Nelson Piquet could not help but shout triumphantly and burst out laughing as he saw the stricken Williams-Renault, ripping past to lead those final yards and so bring this gorgeous Formula 1 car to the chequered flag, as 1991 Canadian Grand Prix winner.

The little-regarded Stefano Modena was elevated into a delighted second place for Tyrrell-Honda, while the delayed Riccardo Patrese of Williams-Renault joined them on the podium, third. Mansell was classified sixth, while Roberto Moreno had spun the second Benetton out of contention in the opening race laps…

This Canadian Grand Prix-winning car later finished 5th in the British and 8th in the French Grand Prix races, before it was entrusted to Michael Schumacher – the future seven-times World Champion Driver himself – for that season’s final Japanese and Australian GPs.

After retiring from the race at Suzuka with engine trouble, Schumacher was sidelined by an accident at Adelaide, as the first Formula 1 race season of his entire, glittering career ended in the cockpit of this car, offered here.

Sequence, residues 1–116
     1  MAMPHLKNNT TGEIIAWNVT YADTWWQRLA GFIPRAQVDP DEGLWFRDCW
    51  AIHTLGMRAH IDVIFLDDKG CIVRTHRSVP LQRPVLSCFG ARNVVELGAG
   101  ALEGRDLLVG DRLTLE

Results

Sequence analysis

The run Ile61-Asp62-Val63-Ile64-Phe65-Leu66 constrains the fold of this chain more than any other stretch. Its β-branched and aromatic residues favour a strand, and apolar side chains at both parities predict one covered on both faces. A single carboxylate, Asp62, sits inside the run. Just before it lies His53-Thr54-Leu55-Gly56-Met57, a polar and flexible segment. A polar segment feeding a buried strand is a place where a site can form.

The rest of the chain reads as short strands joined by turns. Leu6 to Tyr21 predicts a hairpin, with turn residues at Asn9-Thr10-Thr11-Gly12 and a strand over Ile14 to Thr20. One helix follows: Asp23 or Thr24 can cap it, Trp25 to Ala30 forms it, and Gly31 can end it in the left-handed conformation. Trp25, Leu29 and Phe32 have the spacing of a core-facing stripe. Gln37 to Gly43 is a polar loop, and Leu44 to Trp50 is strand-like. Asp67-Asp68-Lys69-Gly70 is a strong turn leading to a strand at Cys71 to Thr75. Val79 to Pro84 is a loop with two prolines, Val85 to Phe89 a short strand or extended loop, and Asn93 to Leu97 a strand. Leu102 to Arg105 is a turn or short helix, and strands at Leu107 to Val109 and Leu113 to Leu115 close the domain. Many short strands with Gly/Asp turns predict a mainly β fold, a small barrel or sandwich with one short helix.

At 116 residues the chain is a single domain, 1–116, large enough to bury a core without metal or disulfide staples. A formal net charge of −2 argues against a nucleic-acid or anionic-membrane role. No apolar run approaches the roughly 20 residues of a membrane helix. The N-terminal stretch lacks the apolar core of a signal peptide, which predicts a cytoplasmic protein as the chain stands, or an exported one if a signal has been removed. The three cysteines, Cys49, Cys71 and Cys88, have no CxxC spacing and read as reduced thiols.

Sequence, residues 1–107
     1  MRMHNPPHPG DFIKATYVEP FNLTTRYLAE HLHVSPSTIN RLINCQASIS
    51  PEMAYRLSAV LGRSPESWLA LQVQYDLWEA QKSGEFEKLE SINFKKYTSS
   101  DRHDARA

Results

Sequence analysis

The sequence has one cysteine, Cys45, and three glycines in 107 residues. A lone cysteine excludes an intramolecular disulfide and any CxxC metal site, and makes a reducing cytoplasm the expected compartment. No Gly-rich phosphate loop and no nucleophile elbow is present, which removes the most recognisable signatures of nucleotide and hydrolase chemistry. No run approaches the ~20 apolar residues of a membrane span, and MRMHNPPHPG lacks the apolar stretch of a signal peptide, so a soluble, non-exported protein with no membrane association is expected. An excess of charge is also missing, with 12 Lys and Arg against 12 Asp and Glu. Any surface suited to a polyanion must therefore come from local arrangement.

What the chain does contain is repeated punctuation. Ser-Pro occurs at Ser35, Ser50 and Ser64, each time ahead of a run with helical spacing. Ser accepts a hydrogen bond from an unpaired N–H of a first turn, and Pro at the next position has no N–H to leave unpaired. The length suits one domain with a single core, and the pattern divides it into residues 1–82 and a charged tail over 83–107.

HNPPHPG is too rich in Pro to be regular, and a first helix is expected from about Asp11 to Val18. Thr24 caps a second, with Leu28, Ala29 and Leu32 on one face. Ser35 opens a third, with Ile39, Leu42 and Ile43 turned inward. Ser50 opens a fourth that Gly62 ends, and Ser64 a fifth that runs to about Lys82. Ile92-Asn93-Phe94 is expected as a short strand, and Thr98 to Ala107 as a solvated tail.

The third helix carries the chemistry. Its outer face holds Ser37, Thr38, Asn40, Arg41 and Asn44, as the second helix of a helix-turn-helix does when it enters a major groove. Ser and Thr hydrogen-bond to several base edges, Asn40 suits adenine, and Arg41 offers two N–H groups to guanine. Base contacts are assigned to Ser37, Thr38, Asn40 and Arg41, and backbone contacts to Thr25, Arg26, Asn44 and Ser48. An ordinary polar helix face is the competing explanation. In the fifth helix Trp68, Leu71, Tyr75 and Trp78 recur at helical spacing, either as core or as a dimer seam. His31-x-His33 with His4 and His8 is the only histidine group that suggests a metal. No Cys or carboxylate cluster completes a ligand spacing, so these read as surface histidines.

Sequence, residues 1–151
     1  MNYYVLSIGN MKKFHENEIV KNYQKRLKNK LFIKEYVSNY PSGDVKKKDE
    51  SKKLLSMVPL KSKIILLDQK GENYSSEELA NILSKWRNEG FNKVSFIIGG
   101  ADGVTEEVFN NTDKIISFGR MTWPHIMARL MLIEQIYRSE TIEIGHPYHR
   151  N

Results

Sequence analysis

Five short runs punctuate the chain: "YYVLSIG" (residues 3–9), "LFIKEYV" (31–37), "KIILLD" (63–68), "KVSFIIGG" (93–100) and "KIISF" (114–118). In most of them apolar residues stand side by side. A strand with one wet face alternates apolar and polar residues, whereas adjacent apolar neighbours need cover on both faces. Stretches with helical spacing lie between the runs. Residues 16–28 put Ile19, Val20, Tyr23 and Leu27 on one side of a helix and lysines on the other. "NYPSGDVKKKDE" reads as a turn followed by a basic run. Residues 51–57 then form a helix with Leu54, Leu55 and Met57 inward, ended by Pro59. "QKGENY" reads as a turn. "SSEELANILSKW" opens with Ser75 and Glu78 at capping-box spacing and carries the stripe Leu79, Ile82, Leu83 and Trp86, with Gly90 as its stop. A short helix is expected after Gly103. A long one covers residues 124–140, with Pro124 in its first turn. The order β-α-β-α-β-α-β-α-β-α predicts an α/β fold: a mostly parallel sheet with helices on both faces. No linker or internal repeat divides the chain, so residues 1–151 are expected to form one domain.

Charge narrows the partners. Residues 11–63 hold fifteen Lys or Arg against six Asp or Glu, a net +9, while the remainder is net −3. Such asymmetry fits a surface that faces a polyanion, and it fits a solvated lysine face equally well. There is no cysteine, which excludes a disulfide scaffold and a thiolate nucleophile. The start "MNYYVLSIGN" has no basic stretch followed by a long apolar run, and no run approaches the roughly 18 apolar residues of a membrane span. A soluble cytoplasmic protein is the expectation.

The car was subsequently re-assembled and preserved on display as a museum exhibit, before being completely rebuilt and restored to running order by a specialist Formula 1 team. The engine, gearbox and all safety equipment were overhauled in this process, and the car is now offered in running order, completely restored to its original specification with the sole exception of updated security features in accordance with FIA regulations.

Here is a very rare opportunity to own a genuine „on the button” Formula 1 Grand Prix car driven not just by one World Champion racing driver, but by two – and what’s more two World Champions with no fewer than ten of those titles between them. It is also a „John Barnard” car in terms of design – yet another major attraction for informed collectors – and, most notably of course, it is also a Grand Prix winner.